Programming. Realtime computer graphics. Demoscene. Game development. Stuff.
The Escapist is a good read from time to time. This time, it's Greg Costikyan:
And actually, EA tried to kill The Sims many times before it was finally released. From what I've heard (and this is definitely hearsay), Bing Gordon's comment at the meeting where publishing was approved was: "Well, it'll only sell a hundred thousand copies, but it'll get Will off our backs."Gee, I'd want all magazines to be like this. Focused, to the point and without trivial crap that most of them are 99% full of.
After taking a break, I already want to do something programming-related in my free time. What should I?
On the unrelated note, I'm doing a Oracle and XSLT related project at work. While Oracle stuff I'm dealing with really sucks, XSLT isn't bad at all. Sure, it's not "programming" that I'd love very much, but the whole concept is very powerful.
Maybe XML isn't such a bad thing afterall, especially once you start doing funky things with XSLT and XPath. I still love the quote "XML is a giant step in no direction at all" though :)
Software of the week
It's never too early for Software Of The Week awards, even if it's only Tuesday. Ladies and gentlement, Aras' picks are:
Guns & games
The comment on the blog entry here is great:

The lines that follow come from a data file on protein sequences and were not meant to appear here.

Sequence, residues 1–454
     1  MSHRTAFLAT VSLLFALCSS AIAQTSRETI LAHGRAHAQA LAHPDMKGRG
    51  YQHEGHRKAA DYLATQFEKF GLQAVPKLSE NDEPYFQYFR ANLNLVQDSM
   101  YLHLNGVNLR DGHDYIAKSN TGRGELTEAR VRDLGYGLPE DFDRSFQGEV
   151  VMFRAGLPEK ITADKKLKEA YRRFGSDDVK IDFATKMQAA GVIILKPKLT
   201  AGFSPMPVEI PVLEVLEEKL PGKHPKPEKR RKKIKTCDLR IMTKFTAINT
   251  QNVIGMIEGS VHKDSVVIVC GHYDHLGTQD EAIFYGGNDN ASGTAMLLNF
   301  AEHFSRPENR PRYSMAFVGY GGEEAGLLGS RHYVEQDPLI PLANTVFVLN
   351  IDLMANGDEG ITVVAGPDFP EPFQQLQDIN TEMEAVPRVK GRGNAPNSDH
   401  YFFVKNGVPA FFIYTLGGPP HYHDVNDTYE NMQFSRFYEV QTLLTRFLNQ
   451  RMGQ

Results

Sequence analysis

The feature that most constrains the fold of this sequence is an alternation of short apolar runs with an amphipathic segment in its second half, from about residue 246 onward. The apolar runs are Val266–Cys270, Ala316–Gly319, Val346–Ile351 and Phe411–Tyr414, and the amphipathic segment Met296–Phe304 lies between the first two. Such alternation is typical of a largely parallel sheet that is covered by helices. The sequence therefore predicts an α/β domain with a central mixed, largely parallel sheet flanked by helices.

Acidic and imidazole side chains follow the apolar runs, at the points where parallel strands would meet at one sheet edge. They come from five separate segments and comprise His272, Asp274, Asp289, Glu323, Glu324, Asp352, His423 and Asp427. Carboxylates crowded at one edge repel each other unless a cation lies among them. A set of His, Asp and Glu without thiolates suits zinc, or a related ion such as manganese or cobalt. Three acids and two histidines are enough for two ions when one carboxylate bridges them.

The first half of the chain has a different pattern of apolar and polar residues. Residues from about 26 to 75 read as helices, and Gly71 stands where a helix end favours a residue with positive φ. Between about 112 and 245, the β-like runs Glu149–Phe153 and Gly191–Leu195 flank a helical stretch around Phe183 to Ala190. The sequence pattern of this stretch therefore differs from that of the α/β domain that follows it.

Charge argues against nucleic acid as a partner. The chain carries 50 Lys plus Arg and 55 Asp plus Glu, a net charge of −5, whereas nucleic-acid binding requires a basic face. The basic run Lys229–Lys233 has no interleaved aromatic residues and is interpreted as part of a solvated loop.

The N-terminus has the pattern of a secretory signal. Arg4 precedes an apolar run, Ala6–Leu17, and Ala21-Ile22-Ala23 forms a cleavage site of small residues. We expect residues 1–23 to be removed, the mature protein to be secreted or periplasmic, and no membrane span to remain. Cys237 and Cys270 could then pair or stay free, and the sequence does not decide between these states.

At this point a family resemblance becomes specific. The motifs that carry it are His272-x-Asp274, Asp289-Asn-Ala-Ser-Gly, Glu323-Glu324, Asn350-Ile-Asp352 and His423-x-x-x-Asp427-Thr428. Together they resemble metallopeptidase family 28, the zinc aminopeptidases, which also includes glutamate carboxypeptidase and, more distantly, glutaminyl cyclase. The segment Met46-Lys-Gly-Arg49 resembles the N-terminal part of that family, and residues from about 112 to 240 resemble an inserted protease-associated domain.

38% of Americans own game consoles. Around 40% of Americans own guns. The gun lobby is damn powerful. We shouldn't need anywhere near as much money as the gun lobby, because unlike games, we are absolutely, 100% sure that guns actually do kill people.
What's in the engine?
As always, here's a thought that's more about demo-engines than about game-engines; and mostly dealing with graphics stuff.
Some folks add whatever gfx effects/techniques they use to "the engine". Quote from Plastic:
We've also added a couple of new features like <...> wireframe/particle shader.Now, I don't have a problem with that, but what strikes me is that for whatever reason our engine doesn't have any effect/technique in it. Zero shaders, no shadowmaps/PRT/refractions/whatever.
The obvious disadvantage of our approach is that for each demo I basically write the shaders and "effects" from scratch (ok, copying them is also fine). There's no central place where, for example, a Gaussian blur postprocessing filter or shadowmaps rendering code is stored.
On the other hand, that means (nearly) complete freedom for each demo. In each prod I can tweak whatever I want and implement completely different rendering techniques. For example, in.out.side demo is quite different from Visual Gaming viewer or Xplodar FEM demo, yet they all share the same underlying "engine" (read: bunch of code).
Still, what I'd like to do is have "somewhat stable" stuff gathered in one place. I don't tweak my basic lighting functions, standard postprocessing effects or shadowmap sampling patterns that often :)
Back #2 - tiny photos from Japan
Left to right, top to bottom: The fractal house on our way from Narita Airport to Yokohama. Visual Gaming competition in action - hey, it's the 3D viewer I wrote! Paulius in the ferri wheel - demo or die. Me showing our demo before the dinner. The wistful photo - me looking at the horizon. Yokohama - we were here.